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Portrait of a dancer

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Classical arts are a part of my DNA,” says bureaucrat-turned-author Sujata Prasad, whose recent book Sonal Mansingh: A Life Like No Other (Penguin; ₹ 599; 220 pages) explores the life and times of the celebrated dancer. Substantiated with significant research encompassing classical mythology, colonial studies, dance history, philosophy and classical literature, the book portrays Mansingh’s illustrious career and personal journey with authenticity. The highlight, though, is the voice of the artist. Mansingh’s candour, as evident in one of her responses, is refreshing: “Just some pre-pubescent crushes when I was aching to grow, and some innocent kissing and canoodling as a teenager. But yes, I think I was a little in love with my German professor, in college. I now suspect that one of the reasons I decided to study German was his good looks and dashing style.”

A student of history at Delhi University’s St Stephen’s College, Prasad equipped herself with a degree in sociology from Jawaharlal Nehru University before embarking on a career in the Indian Civil Services. However, her interest in the classical arts, in which she had formal training, did not wane. “Our home was resonant with a cacophony of colours and shapes that stirred my aesthetic emotions,” says the 59 year-old.

As a biographer whose subject deals in extremes, Prasad has been successful in sifting trivia from worthwhile information. Prasad also works with the marginalised through different platforms and has been instrumental in creating sale hubs for folk artisans and weavers from Bihar, a cause close to her heart. She has co-authored a book on health security, a novella for children titled Bruno, My Brother, and edited a journal on public policy besides publishing research papers on different aspects of gender, public health, economic development and the performing arts. In an interview to Suparna-Saraswati Puri, the Delhi-based author talks about her book, which attempts to understand the artist behind the persona and document the contemporary history of Indian classical arts.


How did you arrive at the title?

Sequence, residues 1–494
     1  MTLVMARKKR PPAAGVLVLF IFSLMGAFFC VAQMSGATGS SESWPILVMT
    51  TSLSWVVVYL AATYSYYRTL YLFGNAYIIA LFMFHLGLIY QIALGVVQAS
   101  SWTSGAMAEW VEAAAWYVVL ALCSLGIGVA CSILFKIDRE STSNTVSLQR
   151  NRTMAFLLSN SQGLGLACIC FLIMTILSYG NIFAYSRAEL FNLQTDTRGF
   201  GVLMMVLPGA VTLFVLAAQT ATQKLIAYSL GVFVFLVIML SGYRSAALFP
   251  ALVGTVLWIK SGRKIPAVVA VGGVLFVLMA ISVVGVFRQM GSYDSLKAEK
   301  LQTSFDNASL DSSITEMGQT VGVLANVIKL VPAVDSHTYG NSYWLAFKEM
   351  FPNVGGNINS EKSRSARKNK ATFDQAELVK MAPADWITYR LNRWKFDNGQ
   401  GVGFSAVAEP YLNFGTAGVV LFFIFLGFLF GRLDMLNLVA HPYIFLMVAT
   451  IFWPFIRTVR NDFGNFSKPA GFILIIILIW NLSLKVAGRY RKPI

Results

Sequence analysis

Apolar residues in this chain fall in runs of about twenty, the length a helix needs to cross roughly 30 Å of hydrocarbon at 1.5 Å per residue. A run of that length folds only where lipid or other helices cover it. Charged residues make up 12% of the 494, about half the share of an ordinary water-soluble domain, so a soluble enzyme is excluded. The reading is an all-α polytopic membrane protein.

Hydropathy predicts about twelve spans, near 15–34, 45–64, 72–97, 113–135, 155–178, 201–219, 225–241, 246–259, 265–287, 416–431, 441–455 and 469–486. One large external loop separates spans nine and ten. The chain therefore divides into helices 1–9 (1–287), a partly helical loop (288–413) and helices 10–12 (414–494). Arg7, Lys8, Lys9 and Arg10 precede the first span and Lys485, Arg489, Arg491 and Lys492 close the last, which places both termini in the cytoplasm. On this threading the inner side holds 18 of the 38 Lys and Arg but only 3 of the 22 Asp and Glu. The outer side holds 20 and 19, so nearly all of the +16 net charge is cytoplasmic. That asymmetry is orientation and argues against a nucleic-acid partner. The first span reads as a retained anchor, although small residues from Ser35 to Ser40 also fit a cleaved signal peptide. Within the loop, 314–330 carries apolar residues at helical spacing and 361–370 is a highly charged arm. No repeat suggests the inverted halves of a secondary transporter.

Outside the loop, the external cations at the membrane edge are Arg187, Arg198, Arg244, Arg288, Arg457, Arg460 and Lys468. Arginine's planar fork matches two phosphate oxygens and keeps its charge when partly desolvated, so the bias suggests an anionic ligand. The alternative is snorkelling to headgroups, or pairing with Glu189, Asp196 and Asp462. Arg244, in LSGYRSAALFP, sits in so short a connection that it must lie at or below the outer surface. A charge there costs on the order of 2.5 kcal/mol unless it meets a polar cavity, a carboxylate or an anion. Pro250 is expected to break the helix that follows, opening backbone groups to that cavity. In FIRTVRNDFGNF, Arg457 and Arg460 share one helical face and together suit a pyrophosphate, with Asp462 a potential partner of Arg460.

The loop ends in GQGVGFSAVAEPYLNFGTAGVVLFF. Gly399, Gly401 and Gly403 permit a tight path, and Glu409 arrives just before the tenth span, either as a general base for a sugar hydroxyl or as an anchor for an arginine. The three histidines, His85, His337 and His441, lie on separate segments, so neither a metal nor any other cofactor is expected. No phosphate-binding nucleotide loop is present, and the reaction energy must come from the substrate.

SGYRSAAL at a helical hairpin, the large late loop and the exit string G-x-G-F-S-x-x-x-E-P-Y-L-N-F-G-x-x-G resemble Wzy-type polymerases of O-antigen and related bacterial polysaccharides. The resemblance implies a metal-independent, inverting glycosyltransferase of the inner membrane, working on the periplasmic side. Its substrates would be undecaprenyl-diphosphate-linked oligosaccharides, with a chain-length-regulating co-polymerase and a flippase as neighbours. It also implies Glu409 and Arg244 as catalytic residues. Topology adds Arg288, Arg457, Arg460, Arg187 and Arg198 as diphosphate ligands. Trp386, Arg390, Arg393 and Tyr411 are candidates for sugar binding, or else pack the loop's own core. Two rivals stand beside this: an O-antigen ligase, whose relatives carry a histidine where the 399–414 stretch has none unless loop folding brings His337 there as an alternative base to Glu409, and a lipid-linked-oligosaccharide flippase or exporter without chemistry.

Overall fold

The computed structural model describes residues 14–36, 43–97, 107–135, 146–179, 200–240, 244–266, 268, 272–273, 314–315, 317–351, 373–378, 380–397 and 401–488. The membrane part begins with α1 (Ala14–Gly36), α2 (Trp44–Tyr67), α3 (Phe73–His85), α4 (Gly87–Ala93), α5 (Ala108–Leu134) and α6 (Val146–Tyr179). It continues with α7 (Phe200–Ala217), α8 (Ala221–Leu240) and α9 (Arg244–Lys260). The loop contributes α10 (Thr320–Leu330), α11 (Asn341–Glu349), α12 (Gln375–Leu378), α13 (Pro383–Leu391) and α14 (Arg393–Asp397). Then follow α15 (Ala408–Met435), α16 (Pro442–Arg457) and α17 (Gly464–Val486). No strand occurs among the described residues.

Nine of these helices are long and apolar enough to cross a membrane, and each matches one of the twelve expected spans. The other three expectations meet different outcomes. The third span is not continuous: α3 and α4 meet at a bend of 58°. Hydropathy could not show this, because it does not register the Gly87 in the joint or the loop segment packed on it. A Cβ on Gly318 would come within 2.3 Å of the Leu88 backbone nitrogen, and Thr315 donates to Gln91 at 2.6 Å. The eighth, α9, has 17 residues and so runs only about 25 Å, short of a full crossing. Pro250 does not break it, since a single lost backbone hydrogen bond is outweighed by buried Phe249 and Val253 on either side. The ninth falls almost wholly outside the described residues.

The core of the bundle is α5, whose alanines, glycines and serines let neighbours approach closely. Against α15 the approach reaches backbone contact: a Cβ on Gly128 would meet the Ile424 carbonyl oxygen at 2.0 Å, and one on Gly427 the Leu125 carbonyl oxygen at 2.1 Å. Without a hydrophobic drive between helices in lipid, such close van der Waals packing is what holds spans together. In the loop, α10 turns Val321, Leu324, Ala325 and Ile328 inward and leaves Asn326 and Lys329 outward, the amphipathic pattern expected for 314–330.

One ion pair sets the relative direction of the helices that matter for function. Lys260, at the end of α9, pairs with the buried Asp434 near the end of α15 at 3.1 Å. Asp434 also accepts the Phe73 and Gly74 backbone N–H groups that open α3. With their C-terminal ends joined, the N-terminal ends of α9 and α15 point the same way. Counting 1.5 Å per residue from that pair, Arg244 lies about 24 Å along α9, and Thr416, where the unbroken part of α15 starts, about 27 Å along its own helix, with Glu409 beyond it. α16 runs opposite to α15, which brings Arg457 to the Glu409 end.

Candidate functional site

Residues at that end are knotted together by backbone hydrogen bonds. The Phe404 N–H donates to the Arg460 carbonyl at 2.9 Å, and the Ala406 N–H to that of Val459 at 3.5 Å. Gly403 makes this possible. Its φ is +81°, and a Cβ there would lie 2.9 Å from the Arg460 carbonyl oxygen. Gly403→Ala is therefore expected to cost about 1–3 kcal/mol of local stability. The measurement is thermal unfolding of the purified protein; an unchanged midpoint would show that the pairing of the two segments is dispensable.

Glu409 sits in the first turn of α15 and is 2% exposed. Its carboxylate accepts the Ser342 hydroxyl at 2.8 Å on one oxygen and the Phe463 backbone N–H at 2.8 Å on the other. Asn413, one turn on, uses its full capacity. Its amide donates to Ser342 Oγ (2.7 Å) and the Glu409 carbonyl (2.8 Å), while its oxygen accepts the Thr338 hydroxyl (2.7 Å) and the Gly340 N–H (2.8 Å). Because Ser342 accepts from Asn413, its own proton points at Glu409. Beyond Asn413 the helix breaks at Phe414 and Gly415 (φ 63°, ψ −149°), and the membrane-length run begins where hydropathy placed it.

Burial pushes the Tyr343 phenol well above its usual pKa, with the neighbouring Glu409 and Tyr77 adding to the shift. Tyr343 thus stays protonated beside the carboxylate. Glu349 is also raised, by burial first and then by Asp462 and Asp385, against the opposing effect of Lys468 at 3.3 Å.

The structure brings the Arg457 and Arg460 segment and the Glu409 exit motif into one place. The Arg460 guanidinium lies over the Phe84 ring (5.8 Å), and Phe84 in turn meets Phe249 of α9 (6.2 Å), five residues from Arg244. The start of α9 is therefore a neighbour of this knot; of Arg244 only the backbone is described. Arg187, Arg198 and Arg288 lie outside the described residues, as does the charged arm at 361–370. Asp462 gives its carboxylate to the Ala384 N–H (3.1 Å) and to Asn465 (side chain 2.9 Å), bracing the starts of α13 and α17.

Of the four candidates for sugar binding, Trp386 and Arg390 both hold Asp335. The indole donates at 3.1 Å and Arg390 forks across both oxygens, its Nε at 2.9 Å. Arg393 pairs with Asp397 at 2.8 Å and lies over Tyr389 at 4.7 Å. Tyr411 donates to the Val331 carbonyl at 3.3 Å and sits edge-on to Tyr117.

This book is a no-holds-barred account of an extraordinary life. Truly, a life like no other. I did not decide the title; the title manifested itself after we walked down 10 or 20 years of her memories and worked as a metaphor at different levels.

In an interview you spoke of “Sonal’s art being driven by her mind.” Can you elaborate?

Yes, she has an intellectual approach that is not very commonly seen. She has always questioned the notion that performing arts leaves one a little apolitical, a little disengaged. Her choreographies use the leitmotif in historical, classical texts to explore contemporary meanings. This is done very creatively, without undermining traditional dance aesthetics. She has added the naatya katha to her oeuvre, using its unique narrative to engage with social, environmental and gender issues. Her narratives are not set in stone. Every katha seems to undergo a medical makeover, unshackling itself from its past rendition. She engages, provokes, and plays mind games, never letting the audience off the hook.

Did you face any difficulties while working on the book?

I faced several challenges. I was working full time, travelling for brow-furrowing board and other meetings, struggling with my social and personal commitments and several disparate looming deadlines. I was also trying to weather the storm that enveloped me when my parents-in-law and father died in quick succession during this period.

In retrospect, what is the most satisfying aspect of doing the book?

While doing the book I met my subject for several conversations and abstract ruminations. Getting into the interior of a thought or an idea gave me a real high. And then there were moments of epiphany when I escaped from my own tumultuous life into hers. Through all of this, calibrating the emotional arc of her story was one of my biggest challenges and remains the most satisfying aspect of doing the book. She was a dream interviewee—charming, irreverent, outspoken and cocky.

How do you multitask as a bureaucrat, householder, art enthusiast and author?

I enjoy juggling different commitments and setting myself new and somewhat audacious goals! I have a very supportive partner who is also a bureaucrat, author, musician and filmmaker. We have absolutely no time for trivia!

How do you spend your free time?

I don’t get much free time, but when I do I love hanging out with my dogs. I also enjoy coffee-crawling with friends and dabbling in music, dance, theatre and cinema.

Are you planning another book in the near future?

Oh yes, I can see the kernel of an extraordinary idea taking root but it would be a bit premature to talk about it. I am also annotating and, in parts, co-authoring a biography of Jayaprakash Narayan written by my father. This was his last work and, given his long association with Jayaprakash Narayan, his most precious. I am trying to handle the text delicately, reconnecting with my father in ways more than one. I am stupefied by his intellectual energy, and the piercing acuity with which he has written it.

Photo: Tripurari Sharan
Featured in Harmony — Celebrate Age Magazine
October 2017